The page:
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Vertical Root Fractures: The Diagnostic Dilemma and Hidden Menace

Published on: Jun 9, 2022
 By: Dr. Louis H. Berman, DDS, FACD, Endodontist
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When proper endodontic techniques are used, the success rate for endodontic procedures is just as high as implant procedures. That said, reinfections after endodontic procedures can be frustrating. Although missed canals and improper canal cleaning and obturation are certainly causes, coronal leakage and root fractures lead to most endodontic failures.

Proper hygiene and well-fabricated restorations can help prevent coronal leakage, but root fractures can be a real enigma. Excessive canal enlargement and obturation forces are big contributors to root fractures. However, unrecognized root fractures are often present even before endodontic treatment.

Recognizing root fractures early is very important. Undiagnosed, a root fracture can not only cause endodontic treatment to fail, it also can be responsible for extensive periradicular bone loss, which can compromise a future implant. Diagnostic prowess and good radiographic assessments are paramount in determining if a root fracture is present, especially prior to endodontic treatment.

The Importance of a Pre-Treatment Assessment

Let’s start with a pre-treatment assessment and a few simple concepts the dental literature has given us. The most common tooth in the mouth to have vertical root fractures is the lower second molar. Therefore, before considering endodontic treatment, especially on a lower second molar, you should use some good common sense diagnostic tools and be aware of some interesting findings in the dental literature.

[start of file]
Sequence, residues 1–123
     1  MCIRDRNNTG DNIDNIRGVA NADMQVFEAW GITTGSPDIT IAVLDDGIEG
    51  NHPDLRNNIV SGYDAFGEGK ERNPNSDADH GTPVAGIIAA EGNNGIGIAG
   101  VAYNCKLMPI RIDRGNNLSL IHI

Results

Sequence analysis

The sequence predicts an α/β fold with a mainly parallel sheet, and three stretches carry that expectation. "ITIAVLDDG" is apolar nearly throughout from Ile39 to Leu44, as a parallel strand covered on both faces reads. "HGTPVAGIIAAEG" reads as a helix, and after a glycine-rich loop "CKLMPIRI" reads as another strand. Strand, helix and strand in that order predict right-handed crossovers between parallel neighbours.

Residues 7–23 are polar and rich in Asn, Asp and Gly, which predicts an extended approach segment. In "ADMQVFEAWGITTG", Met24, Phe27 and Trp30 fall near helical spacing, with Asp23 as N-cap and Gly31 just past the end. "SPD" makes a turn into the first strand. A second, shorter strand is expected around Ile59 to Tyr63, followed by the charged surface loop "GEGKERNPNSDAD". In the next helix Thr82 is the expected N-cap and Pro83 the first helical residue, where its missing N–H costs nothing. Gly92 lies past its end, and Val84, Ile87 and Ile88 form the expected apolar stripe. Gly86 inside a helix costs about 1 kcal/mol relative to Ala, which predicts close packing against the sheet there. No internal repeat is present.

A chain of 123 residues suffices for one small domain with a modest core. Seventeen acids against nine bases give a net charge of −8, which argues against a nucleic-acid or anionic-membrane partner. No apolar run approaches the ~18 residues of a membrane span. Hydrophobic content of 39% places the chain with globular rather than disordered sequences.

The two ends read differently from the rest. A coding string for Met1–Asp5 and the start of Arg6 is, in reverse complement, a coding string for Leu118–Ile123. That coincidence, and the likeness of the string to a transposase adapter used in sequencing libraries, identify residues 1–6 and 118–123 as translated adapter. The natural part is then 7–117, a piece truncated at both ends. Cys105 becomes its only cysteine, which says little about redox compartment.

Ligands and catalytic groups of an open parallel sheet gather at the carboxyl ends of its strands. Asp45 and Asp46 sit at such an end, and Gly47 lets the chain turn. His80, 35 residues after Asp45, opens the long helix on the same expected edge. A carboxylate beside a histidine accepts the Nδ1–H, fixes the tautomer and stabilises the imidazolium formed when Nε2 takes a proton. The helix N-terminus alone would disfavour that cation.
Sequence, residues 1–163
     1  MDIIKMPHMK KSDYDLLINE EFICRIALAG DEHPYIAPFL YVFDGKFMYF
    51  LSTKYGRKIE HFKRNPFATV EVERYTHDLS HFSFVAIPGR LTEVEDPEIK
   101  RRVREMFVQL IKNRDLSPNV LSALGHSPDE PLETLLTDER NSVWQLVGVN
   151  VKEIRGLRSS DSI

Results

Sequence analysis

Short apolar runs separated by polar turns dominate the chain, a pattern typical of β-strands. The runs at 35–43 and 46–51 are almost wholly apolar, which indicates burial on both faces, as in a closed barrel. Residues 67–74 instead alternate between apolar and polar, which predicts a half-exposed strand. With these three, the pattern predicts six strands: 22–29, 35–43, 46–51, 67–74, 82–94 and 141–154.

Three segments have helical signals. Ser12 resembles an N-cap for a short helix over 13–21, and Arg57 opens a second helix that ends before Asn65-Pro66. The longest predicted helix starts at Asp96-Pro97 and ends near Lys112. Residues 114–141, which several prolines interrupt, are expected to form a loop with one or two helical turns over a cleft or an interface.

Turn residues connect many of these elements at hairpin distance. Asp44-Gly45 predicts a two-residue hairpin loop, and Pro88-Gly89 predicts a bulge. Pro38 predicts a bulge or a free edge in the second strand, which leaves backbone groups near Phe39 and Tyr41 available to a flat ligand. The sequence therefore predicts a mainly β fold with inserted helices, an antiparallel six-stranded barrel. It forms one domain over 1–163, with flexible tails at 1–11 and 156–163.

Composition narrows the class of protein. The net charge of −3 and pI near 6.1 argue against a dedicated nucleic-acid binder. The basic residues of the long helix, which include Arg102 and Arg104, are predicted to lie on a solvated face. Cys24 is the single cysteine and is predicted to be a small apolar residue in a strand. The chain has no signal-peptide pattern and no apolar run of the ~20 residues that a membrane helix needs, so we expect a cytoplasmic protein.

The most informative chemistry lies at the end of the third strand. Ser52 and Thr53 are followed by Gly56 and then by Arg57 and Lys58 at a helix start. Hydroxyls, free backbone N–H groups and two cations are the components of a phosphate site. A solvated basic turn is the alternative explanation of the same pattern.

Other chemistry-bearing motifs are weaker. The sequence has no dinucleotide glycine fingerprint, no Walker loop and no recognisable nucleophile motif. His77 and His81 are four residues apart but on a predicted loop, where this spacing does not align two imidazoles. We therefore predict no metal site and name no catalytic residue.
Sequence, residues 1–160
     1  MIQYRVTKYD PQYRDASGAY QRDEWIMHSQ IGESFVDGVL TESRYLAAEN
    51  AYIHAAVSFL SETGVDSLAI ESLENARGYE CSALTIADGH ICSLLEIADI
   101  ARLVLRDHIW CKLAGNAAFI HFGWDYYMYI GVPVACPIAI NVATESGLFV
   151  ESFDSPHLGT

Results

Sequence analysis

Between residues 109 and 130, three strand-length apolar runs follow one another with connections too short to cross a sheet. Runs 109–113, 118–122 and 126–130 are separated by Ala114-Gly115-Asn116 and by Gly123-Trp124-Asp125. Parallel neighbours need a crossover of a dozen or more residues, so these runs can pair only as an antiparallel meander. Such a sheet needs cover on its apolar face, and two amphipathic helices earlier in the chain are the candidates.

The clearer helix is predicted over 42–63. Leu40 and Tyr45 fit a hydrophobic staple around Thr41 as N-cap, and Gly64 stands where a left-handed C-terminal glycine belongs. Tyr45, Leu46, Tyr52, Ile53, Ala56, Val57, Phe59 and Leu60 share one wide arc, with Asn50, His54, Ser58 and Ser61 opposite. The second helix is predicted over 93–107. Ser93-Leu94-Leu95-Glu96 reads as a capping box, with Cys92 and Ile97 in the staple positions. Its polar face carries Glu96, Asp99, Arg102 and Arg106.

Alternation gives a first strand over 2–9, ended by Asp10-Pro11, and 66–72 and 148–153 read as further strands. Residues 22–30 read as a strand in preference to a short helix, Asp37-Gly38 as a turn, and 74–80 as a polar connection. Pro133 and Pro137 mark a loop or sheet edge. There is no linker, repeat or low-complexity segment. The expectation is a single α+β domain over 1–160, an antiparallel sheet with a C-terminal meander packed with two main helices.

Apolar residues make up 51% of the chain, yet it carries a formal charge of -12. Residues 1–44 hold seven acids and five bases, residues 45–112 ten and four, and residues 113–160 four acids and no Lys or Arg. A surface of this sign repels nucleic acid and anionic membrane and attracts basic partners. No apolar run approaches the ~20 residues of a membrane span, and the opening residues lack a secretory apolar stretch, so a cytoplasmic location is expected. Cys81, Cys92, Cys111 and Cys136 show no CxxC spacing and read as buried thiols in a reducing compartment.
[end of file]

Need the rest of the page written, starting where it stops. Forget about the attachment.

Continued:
The most common place to see a root fracture is on the marginal ridges, especially the distal marginal ridge. Good magnification and transillumination are very helpful. In addition, in a case whereby the pulp is non-vital, the clinician should always ask: WHY is that pulp non-vital?

Consider a situation whereby the pulp is non-vital, with or without radiographic evidence of periapical bone loss. Was there gross caries or a large restoration in the tooth? What if there was NO restoration or caries in the tooth? IF that were the case, WHY was the pulp non-vital?

This should point the clinician to consider the tooth has a vertical root fracture and is the cause of the root fracture. The root might not be “split,” and the clinician might not be able to visualize the fracture. But in the absence of any other observed etiology, the clinician should consider that a root fracture is present and the prognosis for the pending endodontic treatment might not be favorable, which is known as “fracture necrosis” (Figure 1).

Figure 1: Undiagnosed root fracture in the lower second molar. Note non-vital pulp with periapical/periradicular bone loss, and no restoration or caries. The clinician should question WHY the pulp became non-vital. With no other objective etiology, a vertical root fracture should be considered.

Figure 1a: Pre-treatment radiograph of a virgin tooth with pulp necrosis.

Figure 1b: Radiograph of the endodontic treatment of the virgin tooth.

The Power of CBCT Scans